With an 80 cent piezo buzzer, tungsten wire and some spare MDF, Dan Berard has managed to build an working Scanning Tunneling Microscope that can image whole atomic structures. Arthur C. Clarke once said that any sufficiently advanced technology would be indistinguishable from magic…
…my variation would be “any sufficiently advanced technology made in your house is probably magic.”
Because this, at first glance, is pure magic.
Inspired by John Alexander’s simple STM project in 2003, Berard has taken DIY Microscopy to a whole other level; generating higher resolution pictures for magnitudes less in cost.
Scanning Tunneling Microscopy is, on paper at least, a relatively straightforward idea. An electrically charged tip, sharpened to within a few atoms, is brought close to the surface whatever is to be ‘scanned’. As the tip passes by each atom, their electrons ‘tunnel’ towards the tip, altering the level of charge and denoting the existence of an atom. In a way, STMs don’t ‘see’ atoms like an ordinary microscope, but nevertheless, they are most certainly there.
Berard’s STM follows exactly the same principals, relying on a wholly different of materials. Unlike other DIY STMs, a substantial number of the components are pure hacks. For example, the STM tips are cut from 30 AWG tungsten wire, pulled from the wire-cutters in such a way that he can reach the needed sharpness. Although, as he says, ‘the results aren’t pretty’, it does work for scanning high-grade graphite (HOPG) (pictured) as it very flat and ordered.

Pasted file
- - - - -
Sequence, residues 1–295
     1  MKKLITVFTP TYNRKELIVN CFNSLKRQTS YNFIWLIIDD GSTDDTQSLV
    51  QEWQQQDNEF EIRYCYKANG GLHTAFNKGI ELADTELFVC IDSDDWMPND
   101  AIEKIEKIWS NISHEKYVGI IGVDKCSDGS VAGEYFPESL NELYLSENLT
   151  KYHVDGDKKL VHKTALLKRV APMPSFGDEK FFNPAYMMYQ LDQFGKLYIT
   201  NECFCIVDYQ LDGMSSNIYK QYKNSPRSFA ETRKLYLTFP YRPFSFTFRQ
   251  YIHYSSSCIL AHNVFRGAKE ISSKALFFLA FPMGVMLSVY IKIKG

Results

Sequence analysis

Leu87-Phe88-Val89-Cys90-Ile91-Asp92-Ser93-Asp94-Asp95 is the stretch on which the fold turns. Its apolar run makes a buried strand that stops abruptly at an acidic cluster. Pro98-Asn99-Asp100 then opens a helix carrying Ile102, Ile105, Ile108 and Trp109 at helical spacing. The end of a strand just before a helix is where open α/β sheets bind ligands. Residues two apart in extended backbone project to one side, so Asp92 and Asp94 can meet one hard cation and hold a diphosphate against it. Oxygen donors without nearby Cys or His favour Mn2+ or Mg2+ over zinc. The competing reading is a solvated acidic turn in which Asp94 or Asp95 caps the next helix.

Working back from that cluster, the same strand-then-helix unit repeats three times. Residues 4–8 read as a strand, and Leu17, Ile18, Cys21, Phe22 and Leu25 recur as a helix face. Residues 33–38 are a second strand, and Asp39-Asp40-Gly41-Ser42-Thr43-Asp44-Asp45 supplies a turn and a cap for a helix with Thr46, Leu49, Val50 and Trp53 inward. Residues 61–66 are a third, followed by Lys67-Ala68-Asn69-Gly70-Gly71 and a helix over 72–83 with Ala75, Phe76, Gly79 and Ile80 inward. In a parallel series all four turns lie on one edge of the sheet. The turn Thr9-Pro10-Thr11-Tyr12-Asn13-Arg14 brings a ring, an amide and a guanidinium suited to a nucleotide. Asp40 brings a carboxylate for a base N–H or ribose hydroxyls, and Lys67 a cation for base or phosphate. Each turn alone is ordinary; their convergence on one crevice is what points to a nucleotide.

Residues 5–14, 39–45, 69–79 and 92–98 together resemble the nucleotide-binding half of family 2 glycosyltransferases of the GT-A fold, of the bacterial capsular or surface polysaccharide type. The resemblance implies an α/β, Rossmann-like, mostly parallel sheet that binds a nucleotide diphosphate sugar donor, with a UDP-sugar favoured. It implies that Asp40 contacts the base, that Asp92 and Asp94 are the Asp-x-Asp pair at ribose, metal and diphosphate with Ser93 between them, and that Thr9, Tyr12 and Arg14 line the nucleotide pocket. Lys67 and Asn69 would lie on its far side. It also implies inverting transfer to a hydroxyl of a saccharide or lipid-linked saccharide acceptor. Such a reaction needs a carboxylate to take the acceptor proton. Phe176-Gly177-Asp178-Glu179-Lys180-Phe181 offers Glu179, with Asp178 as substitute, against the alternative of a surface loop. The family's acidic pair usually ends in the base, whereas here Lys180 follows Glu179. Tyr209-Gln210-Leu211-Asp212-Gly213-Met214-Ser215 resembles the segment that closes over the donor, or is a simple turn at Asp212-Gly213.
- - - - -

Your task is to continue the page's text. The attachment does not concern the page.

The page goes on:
At the heart of the scan head is the piezo buzzer, the sort you see in Doorbells. Cut into quadrants, they can act as very simple ‘stack actuators’ that use vibration to move the scanning tip in any direction. To reduce the effects of thermal expansion and to better electrically insulate, sapphire is used for mounting the scanning tip while high-precision adjustment screws from McMaster-Carr control the Z height.
The sample is mounted on ‘a penny with copper tape and stick it to a magnet mounted on the STM base.’ Berard, in his infinite glory, has posted nearly every element of the project, including blueprints and circuit diagrams, so that you too can make a DIY STM.
It seems incredible that only twenty years ago when we were looking at pictures of atoms and were reading about the massive machines needed to refine microscopes to that level. Now, with a spare week and a few hundred dollars, it’s unbelievable what one can do it at home using commonly found tools and equipment.
Hat Tip to Hackaday